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Separating the Wheat from the Chaff in Closed-End Funds

Mike Taggart, CFA

Mike Taggart: Separating the wheat from the chaff in closed-end funds. I am Mike Taggart, closed-end fund strategists at Morningstar. With me today is Maury Fertig of Relative Value Partners.

Maury, thanks for joining me.

Maury Fertig: Thank you.

Taggart: Maury your firm invests over half a billion dollars in closed-end funds and ETFs since May of '06. One of your portfolios has posted a 9.5% annualized return. Clearly, your firm has a good process in place. I was hoping you could kind of tell me little bit about the process, walk me through it.

Fertig: Sure, we look at the entire closed-end fund universe. There is about approximately 650 funds in the United States, and we basically screen out some of the funds that are very, very small, and very difficult to invest in, but once you're left with several hundred, what we consider liquid funds, we divide them into various categories, such as national muni fund, taxable corporate bond fund, emerging-markets funds, covered-call funds.

Taggart: So, you are trying to like separate them so you are going to compare apples-to-apples as close as you can?

Fertig: Yeah. So, now we find that it's not that relevant to compare a municipal – a levered municipal bond fund to a taxable or to even an emerging-market bond fund, or an equity strategy fund.

Taggart: Right.

Fertig: So, we try and look at them within their sub-categories and then we score them, based on a number of measures, including what is the z-score? What's the average historical discount? What the…

Taggart: Now the z-score, just so our viewers know? That's the statistical measure, it's the current discount minus the average discount over a certain time period, divided by the standard deviation of the discount over that same time?

Fertig: Right. So, it gives you a numerical, simple way of looking at, if the fund is cheap, if the discount is relatively cheap to where it's been historically.

Also, some of the other aspects, we might look at the, who the manager is? If they have a managed distribution policy, what the overall yield is of the fund, and things like what's the fee structure underlying the funds? Some funds have very nice reasonable fees, and some funds have exorbitant fees, and that also will be one of the inputs in terms of evaluating a portfolio manager.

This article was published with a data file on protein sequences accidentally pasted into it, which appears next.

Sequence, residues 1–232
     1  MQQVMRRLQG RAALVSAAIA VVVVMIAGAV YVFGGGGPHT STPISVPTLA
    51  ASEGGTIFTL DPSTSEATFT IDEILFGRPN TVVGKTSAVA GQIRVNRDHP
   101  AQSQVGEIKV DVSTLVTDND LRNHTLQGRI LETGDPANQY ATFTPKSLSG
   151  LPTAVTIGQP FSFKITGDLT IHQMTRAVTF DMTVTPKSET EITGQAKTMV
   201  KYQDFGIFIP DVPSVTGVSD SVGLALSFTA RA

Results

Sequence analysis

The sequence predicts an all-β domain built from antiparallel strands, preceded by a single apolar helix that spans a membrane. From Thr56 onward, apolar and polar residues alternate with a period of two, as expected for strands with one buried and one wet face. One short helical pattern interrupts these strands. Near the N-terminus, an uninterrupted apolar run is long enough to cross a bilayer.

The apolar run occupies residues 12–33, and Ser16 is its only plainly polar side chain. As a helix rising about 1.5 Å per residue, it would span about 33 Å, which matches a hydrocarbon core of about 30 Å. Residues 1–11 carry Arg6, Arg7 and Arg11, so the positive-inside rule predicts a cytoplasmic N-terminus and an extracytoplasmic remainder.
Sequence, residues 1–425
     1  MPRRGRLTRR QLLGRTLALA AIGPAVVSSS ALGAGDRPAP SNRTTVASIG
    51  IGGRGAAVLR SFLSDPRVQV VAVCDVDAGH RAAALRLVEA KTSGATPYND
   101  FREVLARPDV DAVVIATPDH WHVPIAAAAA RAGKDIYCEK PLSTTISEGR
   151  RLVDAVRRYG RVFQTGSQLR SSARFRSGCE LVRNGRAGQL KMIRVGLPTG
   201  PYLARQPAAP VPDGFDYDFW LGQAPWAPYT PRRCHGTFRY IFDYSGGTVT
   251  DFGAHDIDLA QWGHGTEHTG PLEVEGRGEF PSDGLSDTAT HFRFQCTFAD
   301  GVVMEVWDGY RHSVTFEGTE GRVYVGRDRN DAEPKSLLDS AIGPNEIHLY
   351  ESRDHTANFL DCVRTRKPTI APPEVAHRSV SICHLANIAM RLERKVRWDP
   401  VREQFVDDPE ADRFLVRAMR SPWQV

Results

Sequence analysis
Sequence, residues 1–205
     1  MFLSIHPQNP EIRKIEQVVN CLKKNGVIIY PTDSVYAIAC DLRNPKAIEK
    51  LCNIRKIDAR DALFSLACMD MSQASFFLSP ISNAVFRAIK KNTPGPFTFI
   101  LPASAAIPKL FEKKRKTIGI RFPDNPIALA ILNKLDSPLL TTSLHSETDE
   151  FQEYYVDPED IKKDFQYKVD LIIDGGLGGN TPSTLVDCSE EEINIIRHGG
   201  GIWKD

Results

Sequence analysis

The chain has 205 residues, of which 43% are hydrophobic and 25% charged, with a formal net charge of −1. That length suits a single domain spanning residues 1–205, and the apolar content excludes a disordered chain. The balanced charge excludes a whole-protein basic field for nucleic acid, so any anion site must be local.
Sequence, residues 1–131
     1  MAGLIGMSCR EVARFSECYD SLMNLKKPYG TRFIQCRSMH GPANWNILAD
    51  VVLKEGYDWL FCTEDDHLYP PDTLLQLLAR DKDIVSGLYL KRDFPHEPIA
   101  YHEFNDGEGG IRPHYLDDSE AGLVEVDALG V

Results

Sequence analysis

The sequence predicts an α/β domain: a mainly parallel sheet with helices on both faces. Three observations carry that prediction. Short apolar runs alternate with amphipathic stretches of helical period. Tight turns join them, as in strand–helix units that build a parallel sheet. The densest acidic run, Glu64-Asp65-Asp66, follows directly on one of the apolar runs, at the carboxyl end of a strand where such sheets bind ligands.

Taggart: With your process, how much do you take leverage into consideration? How much do you take distribution rate into consideration?

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Fertig: We have a preference for unlevered funds, because of their durability in the event of a severe test stress in the market, such as what we saw in 2008. And the prospect of deleveraging the fund is a very – is almost catastrophic when that has to happen.

Taggart: When they have to happen, I mean, that capital just goes away. [My colleague] Cara and I like to say that that gets rid of one of the aspects of closed-end funds: They are always closed to shareholder redemptions, but they are not close to capital call redemptions.

Fertig: Exactly. So you want to be mindful of the funds with leverage and that is part of our scoring system. As far as your distribution rate, the market definitely has a preference for higher distribution rates rather than lower distribution rates. So when you consider all the factors, that's generally a positive, as well. Obviously, for any investor a fund that's trading at a premium to its net asset value and is distributing a managed distribution process, is actually returning capital to you at a lower price than you are paying, then you never want to be involved in the ownership of those.

Taggart: More often and not that's the case. It's often that's a conundrum for most people, because they say, return of capital, they must be trading at a steep discount. No, they are usually trading at a steep premium.

So, well that process seems to work very well for you. As I said, your return metrics--9.5%, since May '06--very handily beating the equity market. How much do you typically put like into equities versus bonds? How do you look at sectors?

Fertig: Sure. Great question. That's our absolute return strategy that you are referring to. And there we're just trying to generate a positive number better than cash, and the baseline in that portfolio is half equities, half fixed income, but what we found is, when the value shift in terms of, when the equity funds are much more attractive on a relative basis to the fixed income funds, we'll tilt the portfolio that way.

So, for example, now the average fixed income fund is actually trading at a slight premium and the equity funds are still trading at an average discount. So there are definitely more equity funds that are in our buy zone, so to speak, these days than bond funds. So right now we are about two-thirds, one-third equity over fixed income in that particular strategy.

Taggart: Again, taking advantage of those relative values out there in closed end funds – it's one of the biggest attractions of closed end funds,

Fertig: Absolutely.

Taggart: Well, thank you for joining me today.

Fertig: Thanks for having me.

Taggart: I am Mike Taggart for Morningstar. Thanks for watching.